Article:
Prerequisite: A minimum of “C” grade in high school algebra and a minimum score of 60% on the algebra section of the math placement test, or permission of your professor.

Mathematics applicable to problems in business and economics. Includes sets; linear, quadratic, exponential, and logarithmic functions; inequalities, matrices; differentiation; integration and extreme values.

BSCI 100A. Algebra I — (3 Units)
Prerequisite: High school algebra or MATH 165-General Mathematics.

This course is for those who have some general mathematics skills and want to move on to algebra. Topics include real number systems, linear equations and inequalities in one and two variables, system of linear equations, exponents and polynomials, and factoring.

BSCI 100B. Algebra II — (3 Units)
Prerequisite: BSCI 100A Algebra I or equivalent.

This course is the continuation of BSCI 100A and for those who want to further study algebra. Topics include system of linear equations, exponents and polynomials, factoring, rational expressions, roots and radicals, and quadratic equations. The first part of the course overlaps with BSCI 100A so students who have some algebra can take this course directly.

BSCI 100C. Pre-Calculus — (3 Units)
Prerequisite: BSCI 100B Algebra II or equivalent

Topics include the fundamentals of trigonometry and the trigonometric functions, trigonometric identities and equations, application to vectors, and sequences and probability.

BSCI 206. Physics I Mechanics — (4 Units: 3 guided instruction/1 lab)
Prerequisite: BSCI 102 Calculus II (3 Units)

BSCI 206 Physics I (Mechanics) covers fundamentals of Newtonian Mechanics and the physics of fluids, oscillations (including mechanical waves and sound), and addresses topics of heat and thermodynamics.

BSCI 208. Chemistry I — (4 Units: 3 guided instruction/1 lab).
Prerequisites: High school chemistry, BSCI 100B Algebra II.

This course is a 4 unit general engineering course that is a requirement for all engineering degrees. Chemical principles such as reactivity, stoichiometry, thermochemistry, atomic theory including bonding and kinetic theory, and gas laws will be covered.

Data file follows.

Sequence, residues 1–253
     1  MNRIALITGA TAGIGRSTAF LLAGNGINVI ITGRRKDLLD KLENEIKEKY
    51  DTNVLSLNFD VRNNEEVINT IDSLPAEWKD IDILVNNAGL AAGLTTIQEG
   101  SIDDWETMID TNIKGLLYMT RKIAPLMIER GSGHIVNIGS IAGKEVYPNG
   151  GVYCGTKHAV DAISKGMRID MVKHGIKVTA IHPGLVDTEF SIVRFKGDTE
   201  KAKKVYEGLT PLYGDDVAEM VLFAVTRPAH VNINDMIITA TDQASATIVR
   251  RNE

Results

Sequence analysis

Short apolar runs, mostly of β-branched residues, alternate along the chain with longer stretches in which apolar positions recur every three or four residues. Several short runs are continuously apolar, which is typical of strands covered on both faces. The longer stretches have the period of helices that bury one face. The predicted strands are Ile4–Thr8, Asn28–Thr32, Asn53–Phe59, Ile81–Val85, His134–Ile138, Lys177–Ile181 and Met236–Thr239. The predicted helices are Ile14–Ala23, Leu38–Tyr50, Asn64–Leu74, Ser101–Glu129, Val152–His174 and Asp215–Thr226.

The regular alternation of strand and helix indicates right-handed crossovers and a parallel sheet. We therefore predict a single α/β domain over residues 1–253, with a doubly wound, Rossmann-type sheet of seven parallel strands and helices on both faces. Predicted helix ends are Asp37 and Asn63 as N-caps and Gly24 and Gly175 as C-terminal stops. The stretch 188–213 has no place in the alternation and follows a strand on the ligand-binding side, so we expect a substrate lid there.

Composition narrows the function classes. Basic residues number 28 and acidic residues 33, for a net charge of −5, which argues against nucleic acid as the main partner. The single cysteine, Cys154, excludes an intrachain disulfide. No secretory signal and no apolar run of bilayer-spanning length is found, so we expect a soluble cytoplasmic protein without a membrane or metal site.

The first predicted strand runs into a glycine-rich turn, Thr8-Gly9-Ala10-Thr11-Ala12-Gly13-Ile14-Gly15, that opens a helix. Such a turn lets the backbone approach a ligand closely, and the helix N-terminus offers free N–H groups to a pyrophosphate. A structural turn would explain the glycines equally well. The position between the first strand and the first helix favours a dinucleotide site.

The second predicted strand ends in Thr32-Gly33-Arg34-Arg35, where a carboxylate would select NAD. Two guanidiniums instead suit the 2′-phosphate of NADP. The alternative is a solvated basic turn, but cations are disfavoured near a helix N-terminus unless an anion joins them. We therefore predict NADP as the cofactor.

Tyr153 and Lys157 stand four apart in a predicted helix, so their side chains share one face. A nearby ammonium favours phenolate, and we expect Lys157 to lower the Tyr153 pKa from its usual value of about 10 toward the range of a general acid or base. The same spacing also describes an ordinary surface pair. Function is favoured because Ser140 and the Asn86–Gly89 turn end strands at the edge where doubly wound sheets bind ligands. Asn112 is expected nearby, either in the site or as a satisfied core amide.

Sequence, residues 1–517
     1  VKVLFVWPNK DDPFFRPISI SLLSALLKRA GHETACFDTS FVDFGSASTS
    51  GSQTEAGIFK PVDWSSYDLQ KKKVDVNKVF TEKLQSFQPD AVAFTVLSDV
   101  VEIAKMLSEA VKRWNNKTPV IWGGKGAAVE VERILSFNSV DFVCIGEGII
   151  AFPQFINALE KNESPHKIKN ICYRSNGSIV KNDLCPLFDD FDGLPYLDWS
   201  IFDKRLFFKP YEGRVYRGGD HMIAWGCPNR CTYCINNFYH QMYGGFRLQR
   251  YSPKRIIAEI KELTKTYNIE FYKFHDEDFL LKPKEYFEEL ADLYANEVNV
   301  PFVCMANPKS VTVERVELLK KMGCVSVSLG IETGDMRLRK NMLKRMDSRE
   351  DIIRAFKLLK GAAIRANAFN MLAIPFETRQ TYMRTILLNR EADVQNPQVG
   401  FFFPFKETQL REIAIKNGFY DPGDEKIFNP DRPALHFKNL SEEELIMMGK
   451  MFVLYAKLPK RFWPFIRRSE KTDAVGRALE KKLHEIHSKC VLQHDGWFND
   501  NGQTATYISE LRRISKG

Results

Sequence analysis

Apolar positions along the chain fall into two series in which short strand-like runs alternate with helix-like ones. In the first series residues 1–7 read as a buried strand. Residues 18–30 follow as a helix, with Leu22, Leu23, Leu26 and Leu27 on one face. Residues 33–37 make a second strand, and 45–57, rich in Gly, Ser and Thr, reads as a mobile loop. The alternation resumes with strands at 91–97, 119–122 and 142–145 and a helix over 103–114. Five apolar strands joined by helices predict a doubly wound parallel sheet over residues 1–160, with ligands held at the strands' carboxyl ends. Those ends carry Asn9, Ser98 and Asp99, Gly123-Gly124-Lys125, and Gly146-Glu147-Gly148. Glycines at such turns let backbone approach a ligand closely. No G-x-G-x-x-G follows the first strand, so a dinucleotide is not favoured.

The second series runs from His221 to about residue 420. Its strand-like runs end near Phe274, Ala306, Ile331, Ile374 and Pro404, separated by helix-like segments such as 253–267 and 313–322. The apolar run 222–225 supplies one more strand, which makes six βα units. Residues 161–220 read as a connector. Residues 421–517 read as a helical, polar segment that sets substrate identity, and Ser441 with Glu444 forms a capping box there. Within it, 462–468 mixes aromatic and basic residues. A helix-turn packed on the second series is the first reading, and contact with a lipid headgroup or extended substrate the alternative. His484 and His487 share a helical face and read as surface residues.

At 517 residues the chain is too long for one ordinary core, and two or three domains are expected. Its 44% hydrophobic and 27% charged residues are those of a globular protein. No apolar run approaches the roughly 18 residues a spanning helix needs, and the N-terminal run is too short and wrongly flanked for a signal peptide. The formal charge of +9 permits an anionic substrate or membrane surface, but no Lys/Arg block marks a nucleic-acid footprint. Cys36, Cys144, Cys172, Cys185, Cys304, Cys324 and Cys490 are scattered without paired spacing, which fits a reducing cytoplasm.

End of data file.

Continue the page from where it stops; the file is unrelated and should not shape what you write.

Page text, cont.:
Thinkwell is an electronic learning tool that presents the basic concepts appropriate for a college-level introductory course in chemistry. Chemical principles are presented using Notes (text) with Animations, Exercises (quizzes) and Video Lessons for each chapter. The laboratory component of the course is comprised of a variety of simulated lab experiments that are found within Thinkwell Animations and Video Lessons.

CS 150. Information Acquisition Using the Internet — (3 Units)
Prerequisite: None.

This course examines the history of and how the Internet has evolved in a relatively very short time from a tiny experimental internal network into a vast sophisticated and global system of networks that will probably never stop growing, and has had a significant influence on world society. We will learn about its origin, structure, security issues, and some of the many unique and related diverse technologies that now exist because of this expansive and complex network. Students will study how the Internet has evolved during the last twenty-five years and learn about the many interesting ways we have become dependent and rely on it daily in order to communicate, carry out transactions, exchange information, and efficiently accomplish many important personal and business oriented tasks.

CS 200. Fundamental Concepts of Information and Computer Technology — (3 Units)
Prerequisite: None.

This course is an introduction to the fundamentals of computers and a study of their basic logical function as it applies to technical systems. A short history of early computers and the researchers who were responsible for them is presented, including various types of codes that are all based on the binary and other modern numbering systems. The materials will introduce the student to various computer concepts and circuits, the central processing unit (CPU), and memory units.The student is introduced to logic gates, Boolean theory, and other numbering systems including binary, quaternary, octal, and hexadecimal. The CPU is further examined to illustrate the use of registers, program counter, and stack pointer. Assembly language programming is introduced and shows the relationship between it and machine code.